"...there is always one moment that stands out from all the others, one picture that remains when all else has faded."- Harley Quin (Agatha Christie’s The Mysterious Mr. Quin, 1930)
The plan itself was as flawless as an expertly cut diamond, but my long-time arch nemesis, Father Time, with its clock handles sometimes resembling the drooping mustache or furiously raised eyebrows of Fu-Manchu, foiled the plans I had for posting a fresh review today and I'm afraid this post will reek of filler material. But rest assured, I wanted to post these covers for weeks and this provided me with an opportunity to do so.
It's also a follow up, of sorts, on my previous review, in which I discussed Cor Docter's Koude vrouw in Kralingen (Cold Woman in Kralingen, 1970), a Dutch police procedural written in the style of Anthony Abbot and other members of the Van Dine-Queen School of Detection, and it was another, significant step up from the previous, classically groomed, Dutch-language mysteries I have read. I really have to thank De Spanningsblog, a blog dedicated to promoting modern thrillers, for putting me on the trail of these stories that are literary wasting away in biblioblivion.
In a monthly item, "Plaat van de Maand," Wim van Eyle dusts off the work of writers now long forgotten and their work were a lot closer to their overseas contemporaries than most of writers laboring in the field today – which I sometimes still find hard to fathom. But also beautifully illustrated and enticing book covers was once an art form over here and have selected a few of them. Note that I have read none of these books, but they have been added to my wish-list.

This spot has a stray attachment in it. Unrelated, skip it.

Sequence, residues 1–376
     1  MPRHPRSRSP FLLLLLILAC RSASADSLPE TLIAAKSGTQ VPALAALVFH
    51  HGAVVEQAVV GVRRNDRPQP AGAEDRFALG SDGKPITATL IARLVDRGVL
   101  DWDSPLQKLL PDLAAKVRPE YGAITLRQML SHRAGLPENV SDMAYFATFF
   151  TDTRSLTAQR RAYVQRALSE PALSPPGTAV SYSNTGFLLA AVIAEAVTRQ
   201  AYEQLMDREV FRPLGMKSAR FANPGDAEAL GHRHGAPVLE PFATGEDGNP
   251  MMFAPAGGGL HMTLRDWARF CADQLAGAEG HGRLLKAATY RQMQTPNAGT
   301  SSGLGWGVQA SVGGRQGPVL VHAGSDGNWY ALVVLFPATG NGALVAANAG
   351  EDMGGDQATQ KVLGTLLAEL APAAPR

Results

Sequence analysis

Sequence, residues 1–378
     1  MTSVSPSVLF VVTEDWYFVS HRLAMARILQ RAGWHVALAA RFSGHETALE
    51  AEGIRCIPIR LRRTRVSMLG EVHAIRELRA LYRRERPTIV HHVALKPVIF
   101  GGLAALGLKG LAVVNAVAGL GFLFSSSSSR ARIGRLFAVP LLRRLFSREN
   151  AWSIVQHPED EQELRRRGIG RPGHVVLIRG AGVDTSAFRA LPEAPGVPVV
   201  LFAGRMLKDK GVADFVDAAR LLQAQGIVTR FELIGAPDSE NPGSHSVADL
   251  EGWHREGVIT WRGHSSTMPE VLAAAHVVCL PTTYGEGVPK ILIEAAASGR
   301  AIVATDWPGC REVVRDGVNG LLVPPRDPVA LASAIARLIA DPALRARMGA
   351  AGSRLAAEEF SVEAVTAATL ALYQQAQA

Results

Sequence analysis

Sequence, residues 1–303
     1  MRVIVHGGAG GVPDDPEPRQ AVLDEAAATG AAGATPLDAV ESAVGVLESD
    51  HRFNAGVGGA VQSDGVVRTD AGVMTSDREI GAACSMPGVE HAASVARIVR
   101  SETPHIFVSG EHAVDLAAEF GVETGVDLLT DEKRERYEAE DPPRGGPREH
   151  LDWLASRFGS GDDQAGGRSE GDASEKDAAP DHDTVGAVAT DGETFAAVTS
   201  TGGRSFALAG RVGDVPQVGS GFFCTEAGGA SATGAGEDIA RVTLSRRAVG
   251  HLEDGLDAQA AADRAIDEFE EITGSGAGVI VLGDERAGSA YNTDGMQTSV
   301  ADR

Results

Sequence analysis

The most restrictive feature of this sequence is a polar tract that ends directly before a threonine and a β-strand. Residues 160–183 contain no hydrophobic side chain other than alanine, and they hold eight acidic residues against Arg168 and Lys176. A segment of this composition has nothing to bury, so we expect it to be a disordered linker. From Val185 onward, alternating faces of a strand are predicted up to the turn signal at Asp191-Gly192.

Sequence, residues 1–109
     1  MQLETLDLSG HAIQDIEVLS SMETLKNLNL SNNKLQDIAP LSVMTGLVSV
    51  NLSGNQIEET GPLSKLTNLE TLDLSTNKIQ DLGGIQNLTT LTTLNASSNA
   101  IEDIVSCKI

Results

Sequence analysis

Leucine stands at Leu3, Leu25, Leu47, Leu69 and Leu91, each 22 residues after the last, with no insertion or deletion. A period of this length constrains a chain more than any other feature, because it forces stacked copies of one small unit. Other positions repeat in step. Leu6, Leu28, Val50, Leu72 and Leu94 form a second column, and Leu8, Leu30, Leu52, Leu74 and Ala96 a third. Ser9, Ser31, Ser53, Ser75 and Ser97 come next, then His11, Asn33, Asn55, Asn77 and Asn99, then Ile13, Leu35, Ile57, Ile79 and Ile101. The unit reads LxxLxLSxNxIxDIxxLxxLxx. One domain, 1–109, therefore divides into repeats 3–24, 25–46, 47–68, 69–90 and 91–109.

De dood legt in (Death Lays In, 1946) was J. Anthonisz sole detective novel and the only other scrap of information I can give is the books subtitle: een detective-roman van de Hollandsche waterkant (a detective novel from the Dutch waterfront).
De moord in den nachttrein (The Murder on the Night-Train, 1924) was one of the twenty-some mysteries that flowed from the pen of Jules van Dam, a pseudonym of an unidentified writer, but the name of pulp novelist L.A. Steffers has been mentioned.
Anton Beuving was a Jack-of-All-Trades, who dabbled in juvenile fiction, radio plays, pulp stories and penning a slew of mysteries for the lending libraries, of which Het mystery van de zeven skeletten (The Mystery of Seven Skeletons, 1953) was one, but this also makes them next to impossible to find on today’s secondhand book market.
Bob van Oyen's Na afloop moord (Afterwards, Murder, 1953) won a mystery writing contest, organized by publisher Bruna, and followed up this success with a series of detective novels featuring Anton IJsvogel – a pipe smoking army Captain. The cover of Van Oyen’s first book suggests an Ellerian dying message.
"Boekan Saja," meaning "Not I," was the penname of C.W. Wormser, who used Dutch-Indonesia as a backdrop for three mystery novels and Het geheim van de tempelruïne (The Secret of the Temple Ruin, 1946) is in my possession.
Wie heeft den admiraal gewurgd (Who Strangled the Admiral, 1937) by E.L. Franken. That's all I can tell about this writer or title, but the cover looks absolutely awesome!
Een vliegtuigraadsel (An Airplane Riddle, 1935) was one of the thirteen mysteries published under the byline Hugo Koerts and included here to complete the Christie-King set of mysteries that take place aboard train, ship or airplane.
Hope to be back soon with a regular review.